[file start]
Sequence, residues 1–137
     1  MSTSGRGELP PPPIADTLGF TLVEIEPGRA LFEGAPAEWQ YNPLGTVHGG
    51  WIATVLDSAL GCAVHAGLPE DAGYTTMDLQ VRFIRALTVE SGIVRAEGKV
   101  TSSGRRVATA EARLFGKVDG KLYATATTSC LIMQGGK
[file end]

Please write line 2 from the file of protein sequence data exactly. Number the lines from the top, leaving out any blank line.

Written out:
     1  MSTSGRGELP PPPIADTLGF TLVEIEPGRA LFEGAPAEWQ YNPLGTVHGG